Rancho Meling (646/179-4106) also offers guided hikes into the sierra.


Additional Area Information

Accommodations

Rancho Meling

Between Km. 140 and 141, a newly paved road goes east to the settlement of San Telmo and then climbs into the Sierra San Pedro Mártir. Along the way, 50 kilometers from the highway, the historic Rancho Meling has been entertaining and feeding adventurous guests since the turn of the 20th century.

Owned and operated by the Johnson/Meling families since 1910, Rancho Meling (also known as Rancho San José, tel. 646/179-4106, US$50 pp) was born as a base for gold-mining operations and then destroyed by bandits in the Mexican Revolution. It was rebuilt as a 4,000-hectare cattle ranch, and today it is a haven for motorcyclists, eco-tourists, fly-in guests, and anyone seeking the solitude of a rustic getaway in the mountains.

The working cattle ranch sits at an elevation of 670 meters in a stand of pines at the base of the sierra. Its 12 rooms all have private baths, hot water, and a fireplace or wood stove for heat. For larger groups or families, there is a four-bedroom/three-bath cabin. Hearty meals (US$6 breakfast, US$8 lunch, US$11 dinner) are cooked over a wood-fired stove and served at a long wooden table beside a large stone fireplace in the main house. The generator goes off at 10 P.M., but you can read by the light of a kerosene lamp after that.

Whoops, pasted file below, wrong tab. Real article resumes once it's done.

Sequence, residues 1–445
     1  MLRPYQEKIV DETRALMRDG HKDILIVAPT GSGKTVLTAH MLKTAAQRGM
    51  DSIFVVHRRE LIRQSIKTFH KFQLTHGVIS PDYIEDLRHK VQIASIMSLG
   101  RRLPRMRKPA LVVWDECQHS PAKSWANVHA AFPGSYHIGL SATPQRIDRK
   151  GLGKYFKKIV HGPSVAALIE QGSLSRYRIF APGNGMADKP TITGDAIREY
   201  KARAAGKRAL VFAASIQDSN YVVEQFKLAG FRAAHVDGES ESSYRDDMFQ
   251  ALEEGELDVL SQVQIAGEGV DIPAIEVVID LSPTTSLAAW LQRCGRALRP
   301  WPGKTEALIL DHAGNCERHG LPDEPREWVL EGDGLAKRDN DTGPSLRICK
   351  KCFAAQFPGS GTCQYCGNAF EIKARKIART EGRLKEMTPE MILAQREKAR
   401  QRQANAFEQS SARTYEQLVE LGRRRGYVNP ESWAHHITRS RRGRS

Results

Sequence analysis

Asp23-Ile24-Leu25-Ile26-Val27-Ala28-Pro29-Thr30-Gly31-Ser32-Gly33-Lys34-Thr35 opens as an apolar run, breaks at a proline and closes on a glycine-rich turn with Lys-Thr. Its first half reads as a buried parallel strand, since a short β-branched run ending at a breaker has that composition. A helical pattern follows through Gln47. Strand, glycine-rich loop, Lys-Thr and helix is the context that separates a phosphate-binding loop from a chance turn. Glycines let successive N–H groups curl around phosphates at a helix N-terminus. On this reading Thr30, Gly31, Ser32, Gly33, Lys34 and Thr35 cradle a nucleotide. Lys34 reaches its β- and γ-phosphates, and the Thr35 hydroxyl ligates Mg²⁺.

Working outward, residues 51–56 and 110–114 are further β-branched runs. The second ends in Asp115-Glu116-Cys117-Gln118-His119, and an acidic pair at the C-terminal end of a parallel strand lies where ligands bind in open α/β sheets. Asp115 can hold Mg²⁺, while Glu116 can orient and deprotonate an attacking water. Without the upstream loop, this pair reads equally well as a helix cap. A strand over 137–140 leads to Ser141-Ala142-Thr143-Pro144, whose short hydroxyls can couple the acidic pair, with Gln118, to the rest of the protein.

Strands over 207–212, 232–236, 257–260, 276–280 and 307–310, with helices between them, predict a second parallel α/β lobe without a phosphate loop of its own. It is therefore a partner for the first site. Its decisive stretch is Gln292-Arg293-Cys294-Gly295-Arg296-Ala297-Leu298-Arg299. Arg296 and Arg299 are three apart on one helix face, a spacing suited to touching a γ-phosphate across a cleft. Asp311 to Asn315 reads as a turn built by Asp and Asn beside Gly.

The road to San Telmo comes 13.9 kilometers south of Colonet, just past a Pemex on the left. (Fill up before you head into the sierra.) Alternatively, you can fly your own plane and land on the ranch’s dirt landing strip. Baja Bush Pilots members receive 10 percent off daily rates.

Mike’s Sky Ranch

Just beyond Km. 138 on Mexico 3, a dirt road heads 35.5 kilometers south to Mike’s Sky Ranch (tel. 664/681-5514), a rustic resort in the sierra foothills (elev. 1,200 m) at the northwestern edge of the national park. Popular with off-road bikers, the ranch has been a checkpoint on the Baja 500 and Baja 1000 races for many years.

Accommodations are in 27 basic cabins (US$60 pp), and the rates include family-style meals and use of the swimming pool. Campsites cost US$5 per vehicle per night (water and shower use only). Campers can pay US$12 additional for dinner and US$7 for breakfast (served 6–10 A.M.) and lunch.

The road to Mike’s is rough in spots and can change drasti-cally with recent rains. Be-yond the ranch, this road con-tinues southwestward to join the newly paved road between Mexico 1 and Parque Nacional Sierra San Pedro Mártir.


Excerpted from the Ninth Edition of Moon Baja.